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Remember, Yves, you live in Canada. And the lawyers there may
interpret the laws differently. But it does not matter what the lawyers
say. It matters what the judges say.
I live in the USA, specifically in Santa Clara ("Silicon") Valley,
California. I don't think I need to remind you that literally thousands
of the major computer-related companies are right here. The lawyers
here, including my company lawyer, say it's valid and enforceable and
that there have been cases in court already that have validated the law.
Far be it from me to argue with them.
I don't know what tools you use in your writing, but if you're a tech
writer, check out Adobe's (Frame, Acrobat, Pagemaker, etc) license
agreements. They're on line. And remember, Adobe is right here in San
But I'll amend my statement a bit. What I said applies in the USA and
may apply in other countries.
I cannot say how all countries treat legal statements made in the USA,
but I believe that many countries, including Canada, have legal
treaties, trade agreements, or similar agreements with the USA regarding
software piracy, copyright, etc, laws. If you read the papers, you'll
note that there have been several stories lately regarding black market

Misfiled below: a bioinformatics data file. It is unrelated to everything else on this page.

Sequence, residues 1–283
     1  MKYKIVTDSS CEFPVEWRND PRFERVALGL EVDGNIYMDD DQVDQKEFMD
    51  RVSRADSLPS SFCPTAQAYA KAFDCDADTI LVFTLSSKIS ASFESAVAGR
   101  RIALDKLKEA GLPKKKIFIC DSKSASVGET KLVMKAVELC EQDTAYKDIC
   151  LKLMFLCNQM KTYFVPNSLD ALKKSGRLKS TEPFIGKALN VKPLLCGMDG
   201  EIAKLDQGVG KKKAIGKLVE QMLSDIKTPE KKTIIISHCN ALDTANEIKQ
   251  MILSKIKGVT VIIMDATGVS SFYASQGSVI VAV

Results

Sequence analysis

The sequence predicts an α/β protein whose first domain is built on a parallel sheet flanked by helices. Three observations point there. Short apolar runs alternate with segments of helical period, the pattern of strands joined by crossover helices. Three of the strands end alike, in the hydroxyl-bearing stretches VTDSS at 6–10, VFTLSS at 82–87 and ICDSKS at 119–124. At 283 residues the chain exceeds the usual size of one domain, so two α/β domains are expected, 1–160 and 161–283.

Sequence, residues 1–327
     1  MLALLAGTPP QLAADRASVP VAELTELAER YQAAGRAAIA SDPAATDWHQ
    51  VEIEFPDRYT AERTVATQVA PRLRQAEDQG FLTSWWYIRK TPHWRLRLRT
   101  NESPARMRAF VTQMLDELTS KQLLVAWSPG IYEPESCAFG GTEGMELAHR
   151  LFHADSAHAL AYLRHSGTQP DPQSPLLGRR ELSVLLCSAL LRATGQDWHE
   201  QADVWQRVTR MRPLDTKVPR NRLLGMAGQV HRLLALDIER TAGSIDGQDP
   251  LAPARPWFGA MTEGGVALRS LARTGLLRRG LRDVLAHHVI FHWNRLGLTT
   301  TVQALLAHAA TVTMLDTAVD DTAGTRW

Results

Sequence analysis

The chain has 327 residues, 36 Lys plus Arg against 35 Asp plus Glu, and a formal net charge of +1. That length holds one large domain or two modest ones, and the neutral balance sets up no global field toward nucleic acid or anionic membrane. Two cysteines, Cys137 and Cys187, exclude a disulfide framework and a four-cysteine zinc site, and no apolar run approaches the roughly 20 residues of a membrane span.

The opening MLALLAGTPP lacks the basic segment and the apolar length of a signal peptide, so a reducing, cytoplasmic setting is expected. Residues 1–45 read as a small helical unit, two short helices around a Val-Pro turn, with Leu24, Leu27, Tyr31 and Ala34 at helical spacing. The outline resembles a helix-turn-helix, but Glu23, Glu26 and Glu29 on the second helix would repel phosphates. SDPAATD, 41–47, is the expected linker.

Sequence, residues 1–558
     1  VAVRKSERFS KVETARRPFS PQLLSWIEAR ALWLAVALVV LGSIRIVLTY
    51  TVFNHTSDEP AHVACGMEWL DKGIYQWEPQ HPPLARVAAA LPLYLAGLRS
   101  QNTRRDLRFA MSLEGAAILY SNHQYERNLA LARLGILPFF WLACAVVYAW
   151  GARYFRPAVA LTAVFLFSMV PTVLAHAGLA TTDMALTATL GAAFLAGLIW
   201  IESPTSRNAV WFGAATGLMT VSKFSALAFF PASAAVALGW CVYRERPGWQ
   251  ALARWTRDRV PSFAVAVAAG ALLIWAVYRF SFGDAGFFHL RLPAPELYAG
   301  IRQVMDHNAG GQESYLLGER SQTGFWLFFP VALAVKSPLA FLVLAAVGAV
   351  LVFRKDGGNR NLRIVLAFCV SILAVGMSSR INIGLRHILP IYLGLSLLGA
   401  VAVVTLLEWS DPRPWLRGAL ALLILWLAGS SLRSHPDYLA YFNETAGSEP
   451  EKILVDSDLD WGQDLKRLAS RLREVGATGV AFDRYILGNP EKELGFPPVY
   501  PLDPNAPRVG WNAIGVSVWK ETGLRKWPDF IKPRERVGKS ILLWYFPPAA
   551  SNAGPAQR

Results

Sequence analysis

software, games, and even movies (the movie Titanic was specifically
mentioned), in China and the US has threatened to sanction them if they
don't police this themselves.
From: Yves Jeaurond [SMTP:yves_jeaurond -at- CBC -dot- CA]
Sent: Thursday, April 02, 1998 9:42 AM
To: TECHWR-L -at- LISTSERV -dot- OKSTATE -dot- EDU
Subject: Unenforceable legalese in manuals
You wrote: < One thing to remember (...) if your company ships
software in a
sealed container of some kind (...) with a notice on the
container that the
user should read the terms of the software license agreement
before opening the
container, you must make that licence agreement easily findable
and readable. >
Sorry. I still haven't met a lawyer that believes that such
and "unwitnessed" summons constitute an "agreement" between
parties. It is
unenforceable and so making it clearly visible may be a moot